Organizations, like individuals, find it hard to talk about the real issues. The “elephants in the room” we like to call them affectionately. We not only don’t like to talk about them we don’t like to even think about them.
The very thing that might kill us is the thing we pretend isn’t happening.
There is nothing more deceptive than an obvious fact.
~ Arthur Conan Doyle
6 Ways We Avoid the Elephant
If we pretend it’s not there maybe it will go away.
If we stay really busy hopefully it will get bored and move on.
If we decorate it nicely maybe we can pretend it’s a new piece of furniture.
If the boss isn’t saying anything about it there must not be an elephant.
If I talk bad about it with my peers maybe it will overhear and leave.
If we bring in a consultant they’ll tell us how to turn the elephant into a gazelle.
Avoiding the elephant is practically an art form in some organizations. Some even go as far as to build a circus AROUND the elephant so that it fits in. Even with the lessons learned over the last decade with Enron and the mortgage bubble we love to pretend we live in an “elephant free zone” or we declare some elephants to be “sacred” and so we continue to struggle around them as we try to maintain business as usual. “That won’t happen to us, we have core values and a groovy culture”. Sometimes the better things are going the more we resist elephant awareness.
Eventually the elephant is going to be unavoidable and by then it’s usually too late.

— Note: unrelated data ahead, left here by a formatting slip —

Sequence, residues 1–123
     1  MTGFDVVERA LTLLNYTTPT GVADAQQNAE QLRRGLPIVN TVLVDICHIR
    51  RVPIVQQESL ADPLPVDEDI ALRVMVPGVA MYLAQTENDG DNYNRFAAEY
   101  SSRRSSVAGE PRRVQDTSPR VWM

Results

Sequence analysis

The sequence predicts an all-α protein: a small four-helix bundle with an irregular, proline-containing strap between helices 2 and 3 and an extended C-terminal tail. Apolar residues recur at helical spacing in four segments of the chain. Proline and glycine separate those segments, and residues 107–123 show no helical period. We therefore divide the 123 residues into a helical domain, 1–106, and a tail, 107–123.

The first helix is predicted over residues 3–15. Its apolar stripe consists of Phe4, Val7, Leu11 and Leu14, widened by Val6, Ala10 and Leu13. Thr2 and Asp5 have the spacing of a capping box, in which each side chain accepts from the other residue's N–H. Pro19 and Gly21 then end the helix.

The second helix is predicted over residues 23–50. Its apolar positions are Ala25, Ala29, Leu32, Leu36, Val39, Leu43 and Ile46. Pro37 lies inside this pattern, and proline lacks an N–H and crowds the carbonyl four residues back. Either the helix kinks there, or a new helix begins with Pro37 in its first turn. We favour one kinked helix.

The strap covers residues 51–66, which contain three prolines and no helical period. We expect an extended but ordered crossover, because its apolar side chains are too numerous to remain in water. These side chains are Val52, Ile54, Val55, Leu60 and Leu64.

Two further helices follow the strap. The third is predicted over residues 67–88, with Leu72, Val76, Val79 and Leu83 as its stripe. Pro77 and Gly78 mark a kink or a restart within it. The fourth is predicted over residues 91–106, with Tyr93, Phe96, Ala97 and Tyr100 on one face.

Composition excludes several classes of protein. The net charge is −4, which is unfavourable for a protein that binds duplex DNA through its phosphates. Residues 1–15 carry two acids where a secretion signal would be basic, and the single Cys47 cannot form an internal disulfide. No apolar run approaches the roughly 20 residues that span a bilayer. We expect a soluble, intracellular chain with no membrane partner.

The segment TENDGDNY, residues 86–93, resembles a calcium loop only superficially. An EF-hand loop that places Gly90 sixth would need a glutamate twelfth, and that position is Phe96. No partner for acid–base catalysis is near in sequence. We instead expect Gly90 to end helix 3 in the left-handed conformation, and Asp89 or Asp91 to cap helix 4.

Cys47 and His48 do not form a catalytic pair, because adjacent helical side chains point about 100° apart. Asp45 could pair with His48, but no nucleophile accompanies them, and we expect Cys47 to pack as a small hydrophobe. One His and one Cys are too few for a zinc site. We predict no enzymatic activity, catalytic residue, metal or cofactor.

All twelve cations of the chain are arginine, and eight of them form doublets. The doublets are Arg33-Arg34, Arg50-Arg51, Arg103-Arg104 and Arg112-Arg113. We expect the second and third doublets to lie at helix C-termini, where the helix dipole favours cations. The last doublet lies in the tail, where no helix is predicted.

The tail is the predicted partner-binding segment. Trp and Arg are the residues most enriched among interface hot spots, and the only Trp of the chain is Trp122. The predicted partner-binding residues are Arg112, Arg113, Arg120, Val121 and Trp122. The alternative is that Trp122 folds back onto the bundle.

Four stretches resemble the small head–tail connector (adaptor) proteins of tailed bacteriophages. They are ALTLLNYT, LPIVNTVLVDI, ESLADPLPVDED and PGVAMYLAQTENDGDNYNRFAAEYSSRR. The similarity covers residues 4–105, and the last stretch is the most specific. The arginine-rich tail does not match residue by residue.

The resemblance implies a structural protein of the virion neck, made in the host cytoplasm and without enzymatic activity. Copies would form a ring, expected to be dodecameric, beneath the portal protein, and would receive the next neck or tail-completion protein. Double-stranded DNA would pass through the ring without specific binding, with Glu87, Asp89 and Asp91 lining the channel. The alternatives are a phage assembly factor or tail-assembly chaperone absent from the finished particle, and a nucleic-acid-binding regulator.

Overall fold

Leaders have an important mission. Make people see the elephant by whatever means necessary. That means taking some risks. You don’t necessarily run into a crowded room and yell “ELEPHANT!!!” Rather you think about how you can gracefully and urgently influence the organization to talk about things they don’t want to see or discuss. Sometimes the elephant may be the very framework on which the business is founded or the mission around which a team was organized. Bringing light to tough topics is what leaders do. Work from where you are and in your circle of influence.
Can you see the elephants in your conference room? You can probably call them out pretty quickly. You might have griped about them to a coworker today. Yet still you don’t take action. There are some pretty common reasons we avoid embracing our elephants.
We are afraid of change.
We are afraid of starting over.
We are afraid of admitting we’re wrong.
We’re afraid someone will get hurt.
We are afraid we won’t be able to deal with it.
The reality is that while you debate the elephant is growing larger and so are the potential consequences. You can decide to go big and bring in a crane or to slowly steer the elephant out of the organization but action is the only option. Elephants come in all forms: people issues, leader issues, culture issues, product issues, customer issues, strategy issues… and so on. What makes them different from your normal run of the mill squirrel or rabbit issue is that they are so big and unwieldy or potentially risky that no one wants to tackle them. So everyone runs around catching the rabbits and squirrels and proudly showing them off to one another while the elephant roams around as though it owns the place.
Start asking open-ended questions that begin to bring the elephant into view in ways that are difficult to excuse or rationalize. It may take a lot of attempts before one or more people begin to have an open discussion about it but stick with it. In the end if you don’t deal with it, none of the other stuff will matter. In fact a lot of what you are doing is probably feeding the elephant that is the source of your problems. There are many applications of this wisdom whether in business or life. So go get your pesky elephant out-of-the-way and free yourself and your team up for the real opportunities.
Any elephant stories to share? I’d love to hear about them and welcome your comments.
The first responsibility of a leader is to define reality. ~Max DePree